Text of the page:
I’m assuming you would listen to other people’s music on long journeys on the coach. How democratic is your system for who gets what played and what gets played the most?
Whoever is first to the sound system!
Do you ask for riders at shows, and if so, is there anything in them we shouldn’t know about?
Pretty uninteresting stuff… Long gone are the days of diapers and wipes!
The Spree are one of the most positive forces I think I’ve ever been close to at a public event, but obviously the records and rehearsals are conducted behind closed doors. I’d like to think the band were as we see them in public 24/7, but this would be fairly impractical, so just how much of the ‘live vibe’ is able to be carried over purely into both these processes?
I would say that when we all get together, it’s an event. We have to be very sufficient so that’s sorta the beauty. All the energy in the room is relative to what we bring to the stage. That’s why we’re there.
If it’s to a large degree, in this case, what motivates the band to be like this as a whole and personally, and how is it applied? Basically, what makes you feel as collectively good as I feel when I see and hear you, to be able to produce the music you do?
True sense of synergy. If it’s not there, we don’t do it.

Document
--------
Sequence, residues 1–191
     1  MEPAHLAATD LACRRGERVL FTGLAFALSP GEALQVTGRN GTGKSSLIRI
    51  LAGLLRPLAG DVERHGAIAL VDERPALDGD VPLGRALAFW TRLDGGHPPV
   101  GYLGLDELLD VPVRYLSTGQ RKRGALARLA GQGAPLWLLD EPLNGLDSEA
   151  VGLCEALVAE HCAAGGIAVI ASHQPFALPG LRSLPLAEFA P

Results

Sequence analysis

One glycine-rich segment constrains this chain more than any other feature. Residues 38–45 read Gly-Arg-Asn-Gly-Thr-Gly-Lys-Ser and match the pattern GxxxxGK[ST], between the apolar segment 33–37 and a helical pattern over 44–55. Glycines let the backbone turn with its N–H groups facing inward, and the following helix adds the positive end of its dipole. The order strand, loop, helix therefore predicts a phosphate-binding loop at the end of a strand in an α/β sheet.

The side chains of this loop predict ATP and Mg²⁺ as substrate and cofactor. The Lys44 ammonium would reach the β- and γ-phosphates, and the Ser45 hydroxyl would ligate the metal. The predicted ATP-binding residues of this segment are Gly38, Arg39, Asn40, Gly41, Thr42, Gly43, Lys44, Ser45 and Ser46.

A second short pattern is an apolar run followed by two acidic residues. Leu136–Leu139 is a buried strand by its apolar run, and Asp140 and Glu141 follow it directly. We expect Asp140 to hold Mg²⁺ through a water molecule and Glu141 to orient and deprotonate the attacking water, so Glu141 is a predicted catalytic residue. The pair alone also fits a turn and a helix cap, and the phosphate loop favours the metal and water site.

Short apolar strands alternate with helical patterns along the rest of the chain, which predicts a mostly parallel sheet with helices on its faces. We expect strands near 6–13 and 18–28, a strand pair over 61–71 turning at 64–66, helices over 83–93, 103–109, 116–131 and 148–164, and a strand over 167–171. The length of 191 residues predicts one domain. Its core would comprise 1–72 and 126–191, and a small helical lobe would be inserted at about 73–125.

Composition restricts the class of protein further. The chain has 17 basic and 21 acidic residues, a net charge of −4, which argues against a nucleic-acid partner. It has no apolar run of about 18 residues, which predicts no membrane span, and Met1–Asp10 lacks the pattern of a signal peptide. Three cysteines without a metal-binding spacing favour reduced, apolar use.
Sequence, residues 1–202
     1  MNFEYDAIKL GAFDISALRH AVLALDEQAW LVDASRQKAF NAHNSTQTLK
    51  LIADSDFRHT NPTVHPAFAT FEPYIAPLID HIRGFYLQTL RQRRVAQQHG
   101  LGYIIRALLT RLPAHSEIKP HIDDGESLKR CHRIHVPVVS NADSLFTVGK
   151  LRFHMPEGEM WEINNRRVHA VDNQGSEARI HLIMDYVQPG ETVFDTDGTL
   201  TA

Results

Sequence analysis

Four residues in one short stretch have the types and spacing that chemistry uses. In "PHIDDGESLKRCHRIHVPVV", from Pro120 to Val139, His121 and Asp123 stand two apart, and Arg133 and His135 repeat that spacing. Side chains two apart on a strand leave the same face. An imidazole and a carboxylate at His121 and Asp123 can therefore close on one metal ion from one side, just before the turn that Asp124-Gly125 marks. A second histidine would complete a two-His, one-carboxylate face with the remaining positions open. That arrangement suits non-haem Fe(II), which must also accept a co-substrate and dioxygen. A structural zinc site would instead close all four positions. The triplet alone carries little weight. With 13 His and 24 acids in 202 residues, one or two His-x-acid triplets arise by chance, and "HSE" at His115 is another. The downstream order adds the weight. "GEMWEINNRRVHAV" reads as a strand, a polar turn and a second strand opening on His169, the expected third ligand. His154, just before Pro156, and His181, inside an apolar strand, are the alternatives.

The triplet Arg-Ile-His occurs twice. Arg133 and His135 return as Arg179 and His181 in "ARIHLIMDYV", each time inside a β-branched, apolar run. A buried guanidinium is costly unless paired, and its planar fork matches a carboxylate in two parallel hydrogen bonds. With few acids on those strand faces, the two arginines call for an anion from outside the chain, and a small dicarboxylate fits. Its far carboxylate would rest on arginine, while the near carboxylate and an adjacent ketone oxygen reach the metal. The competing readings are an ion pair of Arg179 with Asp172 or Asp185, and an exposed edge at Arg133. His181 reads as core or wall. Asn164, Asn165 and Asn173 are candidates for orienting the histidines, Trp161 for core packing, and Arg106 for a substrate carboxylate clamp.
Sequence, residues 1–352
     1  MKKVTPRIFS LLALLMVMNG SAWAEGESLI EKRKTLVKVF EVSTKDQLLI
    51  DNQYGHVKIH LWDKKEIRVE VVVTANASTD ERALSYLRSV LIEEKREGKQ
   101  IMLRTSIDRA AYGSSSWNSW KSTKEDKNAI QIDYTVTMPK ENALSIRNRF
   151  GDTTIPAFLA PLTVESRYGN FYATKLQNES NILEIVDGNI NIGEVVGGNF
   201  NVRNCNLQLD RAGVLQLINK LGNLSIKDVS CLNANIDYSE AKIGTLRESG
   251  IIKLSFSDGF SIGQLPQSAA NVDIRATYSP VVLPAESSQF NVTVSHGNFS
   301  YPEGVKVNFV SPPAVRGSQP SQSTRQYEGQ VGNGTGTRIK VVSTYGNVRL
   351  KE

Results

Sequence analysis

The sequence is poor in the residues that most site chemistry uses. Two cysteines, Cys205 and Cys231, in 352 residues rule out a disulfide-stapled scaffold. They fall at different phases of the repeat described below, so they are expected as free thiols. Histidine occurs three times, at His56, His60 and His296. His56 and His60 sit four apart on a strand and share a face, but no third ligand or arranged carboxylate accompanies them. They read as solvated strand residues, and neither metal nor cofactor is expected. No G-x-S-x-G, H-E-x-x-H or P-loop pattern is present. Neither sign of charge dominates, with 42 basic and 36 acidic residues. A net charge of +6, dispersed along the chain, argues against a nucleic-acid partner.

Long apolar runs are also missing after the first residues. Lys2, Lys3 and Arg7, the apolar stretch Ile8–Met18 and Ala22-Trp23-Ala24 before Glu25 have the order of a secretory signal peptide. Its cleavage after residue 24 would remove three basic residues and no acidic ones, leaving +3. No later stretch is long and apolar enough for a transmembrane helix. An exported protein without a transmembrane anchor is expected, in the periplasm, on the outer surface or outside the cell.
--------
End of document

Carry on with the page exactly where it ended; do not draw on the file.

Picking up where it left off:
What was the process used to recruit members when Tim had the initial vision of the band? Did most people know each other already or were people brought together from lots of completely different places, but who basically were like-minded and in tune with this brilliantly ambitious plan?
Many folks we knew in some fashion from different periods of our lives that would trust the idea of it.
How many of the original line-up are still with the band now, and if people have left for pastures new, what would the main reason be?
Many are still with the band. Ones who have come and gone are for all sorts of reasons. New careers, having babies, lack of vision, etc… All over the map
The costumes have always been a really interesting and vital part of how the band present themselves and it’s always a buzz to see what style and colours are coming next. How are new ‘looks’ decided on and are the outfits made by band members themselves or do you go to a special place to get them done? If so, give them a shout-out, they’ve done a great job!
Our mother does much of the work as well as a guy named Joe and a woman named Jesse May Clark. The new is basically the originals finally evolved into hearts. Hence, you plus me! We are all in this together.
It’s been pretty well documented – and even mentioned on stage if I’m not mistaken – what a help using The Polyphonic Spree’s music on the Sainsbury’s advert was with facilitating finances to get the band around more, and the 2013 campaign is currently being geared up with fan help on Kickstarter. As it seems to be a fact of life that many bands now have to go to outside sources for help these days, how interested are The Polyphonic Spree in being completely independent, and would it be possible and practical with such a unique line-up?